After Turangi, things seemed to hot up a bit. We had a light head wind, and while the bunch was generally keen to see the pace come on, no-one really wanted to take control (including myself). I was feeling pretty good, and had lead the bunch for a while on some of the first half, but I was wondering when the wheels would fall off, and I was wary of over exerting myself at this point. I let myself get near the front, but I started to have trouble with the surging that was going on (I assumed the riders at the very front were taking a pull, and then slowing down as if to say "who's next?", and fair enough) - the constant braking and then accelerating to close the gap again was reminding me of some of my mid-season failures, and so I prudently chose to drop back a bit.
Actually, here might be a good point to say that riding in a large bunch was a bit of a revelation to me. The bunch riding I've done has typically been a bit of a hammerfest, leaving me pretty exhausted. Most of my road riding has been solo, or when I've done the lion's share of the work. Sitting in a huge bunch, expending very little effort for great progress was damn cool!!!!
Eventually we got to Hatepe, and I was feeling in good shape having had the bunch close up a bit and work a bit more constructively. I rode a good tempo up the hill, and crested in a bunch of about 7. By the time we got up to speed, we were a hundred metres or so down on 4 or 5 riders from our group. I have to say my companions were excellent. Whatever our motivation (wanting to catch the guys in front, wanting to stop riding, BBQ, icecream, whatever), we all pretty much wanted the same thing, and that was to go fast. The "race" got exciting for the first time, and actually felt like a race. Ross Watson was there, and we had the chance to comment to each other "this feels a lot more familiar!" Who knows how fast we were going, but we were working hard, and got a good pace line going. I decided to give it my all, knowing that if I blew, there wasn't that far to go, and there were a few hundred riders not far back down the road who I'd be able to hide in if need be.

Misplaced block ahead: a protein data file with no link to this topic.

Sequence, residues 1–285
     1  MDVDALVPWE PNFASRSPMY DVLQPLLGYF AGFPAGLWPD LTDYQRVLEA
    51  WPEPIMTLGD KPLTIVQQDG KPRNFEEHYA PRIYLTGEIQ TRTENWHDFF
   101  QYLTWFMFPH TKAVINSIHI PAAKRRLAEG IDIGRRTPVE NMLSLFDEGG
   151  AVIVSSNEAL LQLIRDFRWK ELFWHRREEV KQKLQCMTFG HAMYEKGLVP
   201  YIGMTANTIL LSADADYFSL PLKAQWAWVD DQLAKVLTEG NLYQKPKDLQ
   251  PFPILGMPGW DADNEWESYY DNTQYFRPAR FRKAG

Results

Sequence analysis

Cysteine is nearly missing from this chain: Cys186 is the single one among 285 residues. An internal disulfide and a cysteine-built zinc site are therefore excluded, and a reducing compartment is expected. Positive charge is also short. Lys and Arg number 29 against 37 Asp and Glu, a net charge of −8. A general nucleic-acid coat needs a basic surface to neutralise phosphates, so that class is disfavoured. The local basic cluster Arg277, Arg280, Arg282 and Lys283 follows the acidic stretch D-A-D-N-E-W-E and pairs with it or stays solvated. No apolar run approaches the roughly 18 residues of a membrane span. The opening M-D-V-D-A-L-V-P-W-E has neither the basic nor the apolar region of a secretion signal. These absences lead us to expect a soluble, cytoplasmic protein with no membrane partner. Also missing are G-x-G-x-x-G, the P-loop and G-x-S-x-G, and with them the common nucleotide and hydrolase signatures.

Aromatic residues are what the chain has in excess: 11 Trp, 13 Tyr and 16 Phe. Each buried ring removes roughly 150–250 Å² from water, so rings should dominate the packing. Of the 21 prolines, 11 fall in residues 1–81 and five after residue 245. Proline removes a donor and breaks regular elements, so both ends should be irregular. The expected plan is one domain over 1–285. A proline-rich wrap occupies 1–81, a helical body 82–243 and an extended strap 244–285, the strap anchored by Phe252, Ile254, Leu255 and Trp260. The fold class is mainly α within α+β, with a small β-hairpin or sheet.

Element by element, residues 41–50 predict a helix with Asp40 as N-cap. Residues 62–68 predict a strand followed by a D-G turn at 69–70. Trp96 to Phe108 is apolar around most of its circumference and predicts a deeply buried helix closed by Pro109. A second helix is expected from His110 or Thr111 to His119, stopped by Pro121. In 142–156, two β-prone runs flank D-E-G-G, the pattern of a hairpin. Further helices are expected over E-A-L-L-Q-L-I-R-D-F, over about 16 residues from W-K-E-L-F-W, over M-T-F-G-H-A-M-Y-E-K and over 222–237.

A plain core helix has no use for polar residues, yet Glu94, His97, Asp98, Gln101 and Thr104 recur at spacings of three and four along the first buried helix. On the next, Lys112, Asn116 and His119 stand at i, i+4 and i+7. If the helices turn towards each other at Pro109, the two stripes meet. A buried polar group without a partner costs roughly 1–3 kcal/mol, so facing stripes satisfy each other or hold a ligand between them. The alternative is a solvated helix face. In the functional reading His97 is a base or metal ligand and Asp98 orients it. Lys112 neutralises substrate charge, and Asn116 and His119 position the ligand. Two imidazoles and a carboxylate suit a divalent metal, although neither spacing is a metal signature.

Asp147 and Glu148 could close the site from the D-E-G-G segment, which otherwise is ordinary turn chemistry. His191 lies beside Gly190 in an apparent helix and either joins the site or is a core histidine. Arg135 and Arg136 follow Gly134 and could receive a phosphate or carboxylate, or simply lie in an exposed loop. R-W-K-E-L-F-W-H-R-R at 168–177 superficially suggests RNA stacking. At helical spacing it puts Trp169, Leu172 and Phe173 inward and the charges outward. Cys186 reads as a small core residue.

When we got to the descent, we had made decent headway into the group ahead. I was in about 4th wheel, but was able to roll past the three ahead of me, and the group tucked in behind me. At the bottom, we were only a few metres down on our targets, and we had a good speed advantage on them. I think they were a little shocked as we hurtled past them, our paceline already back in effect. They latched on, though one got shouted at a little later when he seemed to sit up in the middle of the paceline! He got the point though, and we worked well together all the way back to Taupo. We picked up Mike Revell, who joined his son Ben in the bunch. Crafty of Ben to send his leadout man up the road!
By the time we hit the lakefront, I was still feeling really good, despite having ridden hard up and over the short climbs en route. Along the waterfront I could sense people getting nervous about the sprint, and in particular, bunch safety. "Remember guys, we're sprinting for 700th place" was the comment someone made, and with that in mind, I was content just to roll over the line, mid-bunch.
I thought to look at my watch a few minutes after finishing, and estimated a time a little under 4 hours 30. The results I've seen this evening have me down as 4.21.55. The time doesn't mean much to me, but I was thrilled with my overall performance in the event. Particularly, I'm absolutely delighted that despite not doing much of the sort of riding I would have chosen to do for this event had I had the chance, my body still was capable of getting me round without crapping out. I was glad I chose the bunch I did, and I am excited about the next couple of months. At least I've got an OK base to launch into some decent endurance rides, hopefully losing a few kilos in the process!
I'm looking forward to the Makara Peak Rally next weekend, and a 4 hour rogaine out at Pencarrow Head on December 20. Simon and I will defend our 8 hour Akatarawa Attack title in late January. I look forward to some long road rides in between now and then, possibly including some touring on the east cape, and a possible "Ride around the block" (the Tararuas) with Simon if we can find some time!
Originally posted on vorb
PS: I managed to get back to the waterfront in time to watch the triple go by. Simon (captain), Jonathan (second seat) and Alex (rear stoker) all had their heads down and grimaces on the their faces. It turns out it's bloody hard to cheer for a triple moving at 50km/h+ "Go Simon, go Jonathan, go Alex" takes just a little too long to get out...
There was one guy on their wheel - apparently only one rider can draft the triple down off Hatepe. They hit speeds around 100km/h, and the wind profile is such that the second bike back simply gets too much air, and can't keep up! So the one lucky guy got to join them back to Taupo. Their bunch was about 200m back!